The secure data lifecycle enables the organization to map the different phases in the data lifecycle against the required controls that are relevant for each phase.
The data lifecycle guidance provides a framework to map relevant use cases for data access, while assisting in the development of appropriate controls within each lifecycle stage.
Data lifecycle model serves as a reference and framework to provide a standardized approach for data lifecycle and data security. Not all implementations or situations will align fully or comprehensively.
The secure data lifecycle comprises six different phases, from creation to destruction. While the lifecycle is described as a linear process, data may skip certain stages, or even switch back and forth between the different phases. The six phases of the data lifecycle are:
- Create: Digital content is initially generated or acquired. Versioning or the modification of existing content is also considered creation. This can be done within the cloud or imported from an external source.
- Store: Placement of digital data into a repository. Initial storage is usually done immediately after creation. When stored, data should be protected based on organizational policies regarding classification level, security controls, access policy, and monitoring requirements. Alternate storage locations, or backups, should be used to avoid data loss.
- Use: Digital data or information is viewed, processed, or used. This is the most vulnerable stage for data because it can be transported to insecure locations. Controls like data loss prevention (DLP), data rights management (DRM), and data access monitors should be implemented. Audit trails should be established to prevent unauthorized access.
- Share: Data and information is made accessible to others. Not all data should be shared, and not all sharing should present a threat. Technologies like DLP and DRM are typically used to detect unauthorized sharing and maintain control over the information.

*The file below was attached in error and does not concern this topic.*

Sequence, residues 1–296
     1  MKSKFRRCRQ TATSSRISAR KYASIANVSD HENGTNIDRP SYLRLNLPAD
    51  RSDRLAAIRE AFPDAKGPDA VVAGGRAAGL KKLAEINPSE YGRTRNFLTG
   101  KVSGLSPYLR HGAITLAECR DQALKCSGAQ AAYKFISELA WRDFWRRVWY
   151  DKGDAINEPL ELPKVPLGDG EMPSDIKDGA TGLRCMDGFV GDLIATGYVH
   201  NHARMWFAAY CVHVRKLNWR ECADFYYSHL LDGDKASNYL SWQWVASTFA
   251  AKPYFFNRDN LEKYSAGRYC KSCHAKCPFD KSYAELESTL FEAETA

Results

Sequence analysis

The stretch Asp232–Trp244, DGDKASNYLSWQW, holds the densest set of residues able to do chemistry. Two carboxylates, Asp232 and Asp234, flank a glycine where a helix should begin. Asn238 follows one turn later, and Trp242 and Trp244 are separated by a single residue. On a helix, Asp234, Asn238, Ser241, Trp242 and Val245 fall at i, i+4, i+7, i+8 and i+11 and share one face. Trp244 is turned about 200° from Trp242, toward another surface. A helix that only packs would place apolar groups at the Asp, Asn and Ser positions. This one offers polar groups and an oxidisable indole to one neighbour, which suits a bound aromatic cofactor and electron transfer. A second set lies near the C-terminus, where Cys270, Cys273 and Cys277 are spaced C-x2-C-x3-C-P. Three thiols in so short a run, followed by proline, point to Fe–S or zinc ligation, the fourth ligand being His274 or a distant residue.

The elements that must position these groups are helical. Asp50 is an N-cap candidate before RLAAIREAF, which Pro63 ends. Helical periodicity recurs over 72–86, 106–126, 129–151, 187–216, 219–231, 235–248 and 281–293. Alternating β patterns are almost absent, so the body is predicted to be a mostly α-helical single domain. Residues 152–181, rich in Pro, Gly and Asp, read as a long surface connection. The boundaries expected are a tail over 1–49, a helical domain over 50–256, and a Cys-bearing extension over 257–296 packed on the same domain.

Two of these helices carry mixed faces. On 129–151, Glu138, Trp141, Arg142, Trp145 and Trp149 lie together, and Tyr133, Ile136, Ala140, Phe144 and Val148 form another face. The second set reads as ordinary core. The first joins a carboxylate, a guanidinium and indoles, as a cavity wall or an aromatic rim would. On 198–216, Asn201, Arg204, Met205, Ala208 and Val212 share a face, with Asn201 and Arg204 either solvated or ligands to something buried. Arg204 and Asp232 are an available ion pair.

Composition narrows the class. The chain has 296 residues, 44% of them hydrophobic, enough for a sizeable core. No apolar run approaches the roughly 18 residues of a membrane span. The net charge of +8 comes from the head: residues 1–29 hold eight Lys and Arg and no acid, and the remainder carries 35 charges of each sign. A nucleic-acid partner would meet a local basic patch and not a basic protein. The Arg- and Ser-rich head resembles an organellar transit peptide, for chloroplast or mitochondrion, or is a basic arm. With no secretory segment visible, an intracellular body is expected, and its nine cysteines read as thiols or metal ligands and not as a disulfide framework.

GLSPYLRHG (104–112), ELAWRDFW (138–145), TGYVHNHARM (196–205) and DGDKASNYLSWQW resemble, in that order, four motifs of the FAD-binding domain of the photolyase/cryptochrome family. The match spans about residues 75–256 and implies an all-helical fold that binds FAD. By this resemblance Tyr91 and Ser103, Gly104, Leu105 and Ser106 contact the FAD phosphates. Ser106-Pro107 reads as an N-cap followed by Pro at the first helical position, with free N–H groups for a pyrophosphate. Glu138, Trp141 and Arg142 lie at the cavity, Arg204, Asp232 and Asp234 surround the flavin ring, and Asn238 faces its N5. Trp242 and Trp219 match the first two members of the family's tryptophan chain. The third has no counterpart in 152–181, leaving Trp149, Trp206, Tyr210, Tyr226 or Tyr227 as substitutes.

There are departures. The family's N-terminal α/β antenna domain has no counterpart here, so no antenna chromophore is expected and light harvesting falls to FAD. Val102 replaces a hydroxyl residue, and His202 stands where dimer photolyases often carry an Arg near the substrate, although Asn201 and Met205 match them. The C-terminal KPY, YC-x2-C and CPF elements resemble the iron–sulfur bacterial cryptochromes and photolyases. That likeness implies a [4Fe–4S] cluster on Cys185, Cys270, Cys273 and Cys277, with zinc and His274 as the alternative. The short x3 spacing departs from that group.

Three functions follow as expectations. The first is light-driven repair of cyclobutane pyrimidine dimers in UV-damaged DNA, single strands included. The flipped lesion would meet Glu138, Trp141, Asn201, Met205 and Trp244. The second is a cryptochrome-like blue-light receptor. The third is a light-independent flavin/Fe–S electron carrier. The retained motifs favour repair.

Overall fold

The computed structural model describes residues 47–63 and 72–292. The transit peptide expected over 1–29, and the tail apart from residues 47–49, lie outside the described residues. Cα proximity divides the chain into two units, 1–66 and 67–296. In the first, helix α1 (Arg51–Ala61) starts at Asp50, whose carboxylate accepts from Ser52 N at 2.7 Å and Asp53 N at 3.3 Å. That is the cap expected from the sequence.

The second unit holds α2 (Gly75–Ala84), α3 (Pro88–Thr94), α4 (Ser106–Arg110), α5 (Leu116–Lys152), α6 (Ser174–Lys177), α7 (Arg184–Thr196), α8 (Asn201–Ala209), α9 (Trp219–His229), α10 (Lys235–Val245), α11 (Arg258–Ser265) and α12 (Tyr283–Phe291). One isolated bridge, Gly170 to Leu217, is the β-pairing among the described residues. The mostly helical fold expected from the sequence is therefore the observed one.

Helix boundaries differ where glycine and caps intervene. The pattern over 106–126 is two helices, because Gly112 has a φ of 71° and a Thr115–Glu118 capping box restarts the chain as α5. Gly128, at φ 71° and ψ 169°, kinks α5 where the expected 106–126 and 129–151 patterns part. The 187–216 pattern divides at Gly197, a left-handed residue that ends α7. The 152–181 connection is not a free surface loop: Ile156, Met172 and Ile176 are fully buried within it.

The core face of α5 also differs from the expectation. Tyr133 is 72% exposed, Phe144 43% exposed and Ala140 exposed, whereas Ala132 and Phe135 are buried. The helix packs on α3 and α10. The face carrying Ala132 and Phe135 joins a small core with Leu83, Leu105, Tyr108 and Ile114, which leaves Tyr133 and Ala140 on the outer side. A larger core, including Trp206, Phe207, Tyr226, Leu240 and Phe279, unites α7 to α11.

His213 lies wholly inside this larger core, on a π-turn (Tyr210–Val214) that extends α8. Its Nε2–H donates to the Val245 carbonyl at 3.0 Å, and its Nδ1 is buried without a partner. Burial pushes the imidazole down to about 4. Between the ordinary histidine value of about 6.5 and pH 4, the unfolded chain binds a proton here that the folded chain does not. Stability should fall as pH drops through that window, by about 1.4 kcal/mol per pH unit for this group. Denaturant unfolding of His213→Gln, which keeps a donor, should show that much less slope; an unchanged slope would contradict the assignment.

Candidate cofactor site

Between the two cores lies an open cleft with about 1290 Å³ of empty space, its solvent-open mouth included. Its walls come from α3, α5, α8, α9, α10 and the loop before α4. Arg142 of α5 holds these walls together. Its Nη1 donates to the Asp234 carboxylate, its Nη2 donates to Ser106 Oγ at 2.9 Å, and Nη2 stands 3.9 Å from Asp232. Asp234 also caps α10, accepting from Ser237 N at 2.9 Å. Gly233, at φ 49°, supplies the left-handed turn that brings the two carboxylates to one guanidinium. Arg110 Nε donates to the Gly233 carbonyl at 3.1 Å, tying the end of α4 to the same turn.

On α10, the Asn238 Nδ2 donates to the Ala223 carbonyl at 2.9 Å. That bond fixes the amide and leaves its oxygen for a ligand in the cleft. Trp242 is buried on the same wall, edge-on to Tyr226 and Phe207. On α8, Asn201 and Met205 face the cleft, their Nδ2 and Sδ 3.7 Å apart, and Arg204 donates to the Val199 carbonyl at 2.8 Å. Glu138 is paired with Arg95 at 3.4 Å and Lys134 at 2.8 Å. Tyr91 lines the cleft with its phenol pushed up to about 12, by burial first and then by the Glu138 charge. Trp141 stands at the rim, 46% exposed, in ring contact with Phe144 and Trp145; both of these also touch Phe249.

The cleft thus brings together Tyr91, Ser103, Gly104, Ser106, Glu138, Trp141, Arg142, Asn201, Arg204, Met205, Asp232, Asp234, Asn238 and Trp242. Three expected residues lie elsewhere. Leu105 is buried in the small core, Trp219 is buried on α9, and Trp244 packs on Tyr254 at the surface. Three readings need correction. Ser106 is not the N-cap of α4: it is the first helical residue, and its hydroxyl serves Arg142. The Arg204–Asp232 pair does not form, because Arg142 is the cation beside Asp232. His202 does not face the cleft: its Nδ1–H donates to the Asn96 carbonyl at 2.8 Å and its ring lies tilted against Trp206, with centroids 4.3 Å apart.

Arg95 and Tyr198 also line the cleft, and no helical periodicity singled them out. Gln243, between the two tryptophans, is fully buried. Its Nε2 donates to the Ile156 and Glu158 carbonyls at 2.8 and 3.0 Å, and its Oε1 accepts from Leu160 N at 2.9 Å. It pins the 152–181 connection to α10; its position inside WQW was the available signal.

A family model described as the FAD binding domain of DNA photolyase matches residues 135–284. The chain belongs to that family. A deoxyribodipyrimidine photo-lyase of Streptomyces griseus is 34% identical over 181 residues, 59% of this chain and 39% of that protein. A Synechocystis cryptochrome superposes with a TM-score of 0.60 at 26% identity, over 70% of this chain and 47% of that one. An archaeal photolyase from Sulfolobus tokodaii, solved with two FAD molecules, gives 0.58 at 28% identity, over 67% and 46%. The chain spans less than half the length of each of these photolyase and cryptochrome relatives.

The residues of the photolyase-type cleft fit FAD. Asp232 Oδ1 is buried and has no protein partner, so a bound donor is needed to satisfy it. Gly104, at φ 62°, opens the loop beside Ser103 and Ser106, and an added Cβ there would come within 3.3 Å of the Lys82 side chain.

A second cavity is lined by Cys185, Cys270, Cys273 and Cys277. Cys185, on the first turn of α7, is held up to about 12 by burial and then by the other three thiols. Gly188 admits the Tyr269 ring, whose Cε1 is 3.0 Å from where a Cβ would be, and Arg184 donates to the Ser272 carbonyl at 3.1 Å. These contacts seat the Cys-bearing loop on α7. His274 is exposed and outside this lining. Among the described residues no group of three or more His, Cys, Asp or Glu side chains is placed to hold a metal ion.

- Archive: When data is no longer needed to support active processes, it is placed into long-term storage called an archive. Cost and availability considerations can affect data access procedures. Continually changing technologies can also have a major impact on desired archiving formats. Archived data must continue to be protected in compliance with organizational policies and regulatory requirements.
- Destroy: In this last phase of the lifecycle, data is removed from the cloud service provider. Depending on usage, data content, policies and regulations, and applications used, the technical means employed will vary—for example, from logical erasure of pointers to permanent data destruction by physical or digital means. Consideration should be given to regulations and compliance, type of cloud being used (IAAS versus SAAS), and the classification of the data.
Location and Access
While the lifecycle does not require the specification of data location, who can access it, and from where, as a Data Governance or Data Security Professional, you need to fully understand and incorporate location and access into your planning for the use of the lifecycle within the enterprise.